Language diplomacy

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In the part of the world that we live in, religion and ethnicity mainly determine the contours of belonging if not statehood, and thereby considerably influence and shape bilateralism between the regional countries. No wonder then a high-profile three-member Pashtu-speaking delegation of Pakistani political leaders was in Kabul over the weekend for heart-to-heart talks with a cross-section of Afghan leadership including President Ashraf Ghani and Chief Executive Dr Abdullah. The visit was at the invitation of President Ghani who met them in Islamabad during his recent official visit. If the motive behind their visit was to overcome trust deficit why then only Pashtu-speaking leaders and not others of major parties like PPP, PML (N) and PTI were invited, this is of interest indeed, but as of now under focus is the visit of three Pashtun leaders – Mehmood Khan Achakzai, Aftab Sherpao and Afrasiab Khattak. They stay in forefront of the battle against Talibanisation – unlike the religious political parties whose leadership has not much of common cause to gel with the Kabul government, especially since their open revolt against the 21st Constitutional Amendment. On the face of it, the present Kabul rulers and many others in Afghanistan have no stomach for the leadership of Pakistan’s religious political parties – a news report says that incorrectly believing Maulana Fazlur Rehman would be part of the Pakistani team people took to the streets to protest against his inclusion. Perhaps, for the first time language affinity between the people of Pakistan and Afghanistan is being requisitioned to cut trust deficit. In fact historically the opposite had worked. But as it sometimes happens, the looming spectre of terrorism that stems from within or beyond makes the intended targets forget their bitter past and turn the page on their historically acrimonious relations. This happened between France and Germany after the two had fought two brutal world wars. Having met Afghan top government leaders and others, including former president Hamid Karzai, the three Pakistani leaders are quite optimistic about the outcome of their extensive interlocutions. It is only obvious that President Ghani is a bit cautious but definitely not pessimistic – his office says ‘To overcome the challenges we face is time-consuming with many obstacles ahead. However, the new government is committed to removing the problems’. Once he is through with cabinet-making which is expected within next week the tempo of emerging bilateralism between the two neighbours is likely to quicken.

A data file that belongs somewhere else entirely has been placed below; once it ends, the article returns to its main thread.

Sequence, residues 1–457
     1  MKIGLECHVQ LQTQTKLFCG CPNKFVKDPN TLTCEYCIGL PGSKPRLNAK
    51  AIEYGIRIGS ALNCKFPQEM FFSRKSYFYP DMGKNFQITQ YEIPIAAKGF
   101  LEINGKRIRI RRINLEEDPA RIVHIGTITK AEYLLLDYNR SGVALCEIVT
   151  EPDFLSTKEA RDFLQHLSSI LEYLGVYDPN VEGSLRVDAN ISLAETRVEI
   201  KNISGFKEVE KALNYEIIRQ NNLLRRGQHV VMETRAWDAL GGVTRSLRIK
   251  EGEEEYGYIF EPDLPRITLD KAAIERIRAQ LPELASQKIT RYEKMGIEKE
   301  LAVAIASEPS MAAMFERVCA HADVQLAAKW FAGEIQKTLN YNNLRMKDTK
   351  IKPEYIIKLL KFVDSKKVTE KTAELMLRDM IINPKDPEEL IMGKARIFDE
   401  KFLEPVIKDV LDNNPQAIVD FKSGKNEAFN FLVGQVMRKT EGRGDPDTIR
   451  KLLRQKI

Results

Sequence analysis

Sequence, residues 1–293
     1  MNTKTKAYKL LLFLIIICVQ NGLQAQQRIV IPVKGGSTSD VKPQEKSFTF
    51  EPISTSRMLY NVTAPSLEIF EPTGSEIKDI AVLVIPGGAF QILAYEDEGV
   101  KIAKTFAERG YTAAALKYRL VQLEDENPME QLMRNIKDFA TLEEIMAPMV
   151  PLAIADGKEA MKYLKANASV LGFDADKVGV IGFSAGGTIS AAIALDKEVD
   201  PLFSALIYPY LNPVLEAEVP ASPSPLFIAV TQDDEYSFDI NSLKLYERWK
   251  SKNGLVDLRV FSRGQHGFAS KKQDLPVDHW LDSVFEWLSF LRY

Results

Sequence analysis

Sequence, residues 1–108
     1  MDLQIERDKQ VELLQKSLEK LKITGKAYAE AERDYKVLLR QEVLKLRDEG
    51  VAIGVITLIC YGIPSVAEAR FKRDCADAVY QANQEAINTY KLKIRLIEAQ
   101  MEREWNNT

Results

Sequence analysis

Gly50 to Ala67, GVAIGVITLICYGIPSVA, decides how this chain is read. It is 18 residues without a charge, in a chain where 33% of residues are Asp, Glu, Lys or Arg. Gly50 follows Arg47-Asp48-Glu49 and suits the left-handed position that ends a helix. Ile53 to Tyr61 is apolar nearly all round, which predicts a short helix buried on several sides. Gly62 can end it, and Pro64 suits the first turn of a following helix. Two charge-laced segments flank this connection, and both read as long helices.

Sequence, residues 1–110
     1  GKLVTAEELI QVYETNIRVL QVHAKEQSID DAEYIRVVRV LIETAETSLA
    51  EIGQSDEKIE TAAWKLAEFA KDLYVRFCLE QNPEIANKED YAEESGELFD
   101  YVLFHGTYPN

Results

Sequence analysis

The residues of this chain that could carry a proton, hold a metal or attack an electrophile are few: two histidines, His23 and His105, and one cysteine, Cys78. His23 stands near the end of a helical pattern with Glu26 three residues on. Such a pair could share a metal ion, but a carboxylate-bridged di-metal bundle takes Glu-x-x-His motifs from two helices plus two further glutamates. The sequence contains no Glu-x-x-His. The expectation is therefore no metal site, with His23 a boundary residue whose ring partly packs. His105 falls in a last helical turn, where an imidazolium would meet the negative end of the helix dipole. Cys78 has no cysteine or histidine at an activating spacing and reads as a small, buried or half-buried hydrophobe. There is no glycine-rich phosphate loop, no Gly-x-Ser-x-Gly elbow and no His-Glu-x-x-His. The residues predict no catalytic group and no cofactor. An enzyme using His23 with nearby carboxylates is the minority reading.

But for the mischief of regional hegemon that remains alive and active – more so now that the man who nurses dreams of reviving ancient Hindu empire is calling the shots in India – there is every reason for Pakistan and Afghanistan should overcome their trust deficit and decide to coexist peacefully. And for this to happen Pakistan has done its part. Sensing that the new elected Afghan leadership is open to reason and logic Islamabad has to some extent succeeded in convincing that its so-called ‘strategic defence’ doctrine – which in reality was nothing more than the brainchild of some armchair strategists – is dead and gone. That Pakistan recognised the Taliban government – no less interestingly not only by Islamabad but by two important Gulf countries and even the United States though only for an hour – is a matter of past and should be no more an issue of contention. A massive military operation by the armed forces is going apace in North Waziristan and elsewhere in areas adjacent to Afghanistan. For the first time, there has come about active military-to-military contacts between the two governments, which hopefully have removed some important misperceptions that tend to bedevil bilateral ties. How Kabul government goes about in its approach to the Afghan Taliban Pakistan is absolutely out of it, except for its demand that the Tehreek-e-Taliban Pakistan (TTP) militants who have taken shelter in Afghanistan should be immobilized and handed over to Islamabad. Of serious concern to Pakistan is the presence of TTP chief Mulla Fazlullah whose foot-soldiers are behind most of the terror incidents in Pakistan. Perhaps, the ‘very positive message’ Afrasiab Khattak thinks Afghanistan Chief Executive Dr Abdullah will personally deliver to the host government during his expected visit next week, is about repartition of Mulla Fazlullah. Undoubtedly, never before has such an ambience of hope and understanding obtained between Pakistan and Afghanistan as now; no question this must be exploited up to the hilt because the alternative is nothing but unbearable pain and misery for the two and beyond in the region.